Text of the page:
Snap, Crackle, WristThe wrist has more tendons, nerves, bones and ligaments per square inch than any other part of the body and it’s all manacled tighter than Lindsay Lohan.
Two weeks ago I tweaked my wrist doing a funky mantel, but it didn’t hurt until the next day. Doorknobs, slopers and sidepulls bring the most discomfort on the pinky-finger-side of my wrist. I have experienced clicking in my wrist. Sometimes something suddenly pops and everything seems to move a bit easier. What’s up?
— Thomas | via e-mail
Mantels are more dangerous than shagging Medusa. Even if you survive manteling, you will carry the scars.
The wrist has more tendons, nerves, bones and ligaments per square inch than any other part of the body and it’s all manacled tighter than Lindsay Lohan. Frankly, you could have injured yourself in several different ways. Without looking at it, I would rather try and solve a Rubik’s Cube over the phone. That said, a good therapist should be able to figure it out and save you the expense of an MRI.
Although you could have torn a ligament in isolation, the most likely injury is to the triangular fibro-cartilage complex (TFCC), a small disc-like piece of cartilage with multiple ligamentus anchors that sits between the end of the ulna and the carpal bones that articulate with it.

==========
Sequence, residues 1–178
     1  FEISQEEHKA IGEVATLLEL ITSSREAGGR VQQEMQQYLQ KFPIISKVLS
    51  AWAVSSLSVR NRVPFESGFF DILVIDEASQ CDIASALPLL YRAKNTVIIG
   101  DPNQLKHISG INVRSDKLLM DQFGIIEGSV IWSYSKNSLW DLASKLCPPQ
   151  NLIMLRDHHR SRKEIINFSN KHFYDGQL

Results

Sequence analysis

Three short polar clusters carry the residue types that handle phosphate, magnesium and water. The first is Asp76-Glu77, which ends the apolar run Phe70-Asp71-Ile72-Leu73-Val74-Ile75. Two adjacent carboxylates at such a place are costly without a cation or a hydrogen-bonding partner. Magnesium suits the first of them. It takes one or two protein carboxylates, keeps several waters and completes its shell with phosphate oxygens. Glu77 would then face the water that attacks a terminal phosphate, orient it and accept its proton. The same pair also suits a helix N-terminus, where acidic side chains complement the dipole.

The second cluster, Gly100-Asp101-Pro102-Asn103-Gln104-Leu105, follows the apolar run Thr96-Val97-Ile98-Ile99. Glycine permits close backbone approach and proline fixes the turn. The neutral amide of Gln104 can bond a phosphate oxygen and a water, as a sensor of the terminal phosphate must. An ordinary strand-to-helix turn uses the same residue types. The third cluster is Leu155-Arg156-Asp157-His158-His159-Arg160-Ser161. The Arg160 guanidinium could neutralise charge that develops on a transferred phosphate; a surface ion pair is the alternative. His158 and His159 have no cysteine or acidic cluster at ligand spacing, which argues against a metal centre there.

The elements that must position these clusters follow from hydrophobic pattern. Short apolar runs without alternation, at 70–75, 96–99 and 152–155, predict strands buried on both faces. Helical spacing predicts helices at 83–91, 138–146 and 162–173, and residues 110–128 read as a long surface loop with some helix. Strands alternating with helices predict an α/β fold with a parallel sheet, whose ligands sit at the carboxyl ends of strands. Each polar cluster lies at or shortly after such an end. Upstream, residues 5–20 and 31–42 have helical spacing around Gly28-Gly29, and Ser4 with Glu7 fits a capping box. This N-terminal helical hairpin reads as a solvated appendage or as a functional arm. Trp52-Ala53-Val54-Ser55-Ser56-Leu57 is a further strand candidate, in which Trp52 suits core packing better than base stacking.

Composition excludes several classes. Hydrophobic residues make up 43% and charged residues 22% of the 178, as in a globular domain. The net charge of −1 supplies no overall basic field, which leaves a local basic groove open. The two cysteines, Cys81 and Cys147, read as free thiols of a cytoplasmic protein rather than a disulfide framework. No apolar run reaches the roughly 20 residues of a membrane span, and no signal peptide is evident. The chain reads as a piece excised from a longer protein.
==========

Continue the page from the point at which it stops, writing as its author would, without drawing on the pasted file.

Carpal instability on that side can be a chicken or egg situation with either a ligament or TFCC injury, and can lead to the bones continually drifting out of their proper position. And then the sudden relocation click.
This is different than the click you might notice as you move your hand in a circle where the wrist clicks as you go through the range over the little finger side. This click is more likely to be a torn free edge of the TFCC that is getting in the way. That said, it could be a bone that is not articulating properly with its neighbors because of a snapped ligament. See someone if it doesn’t settle.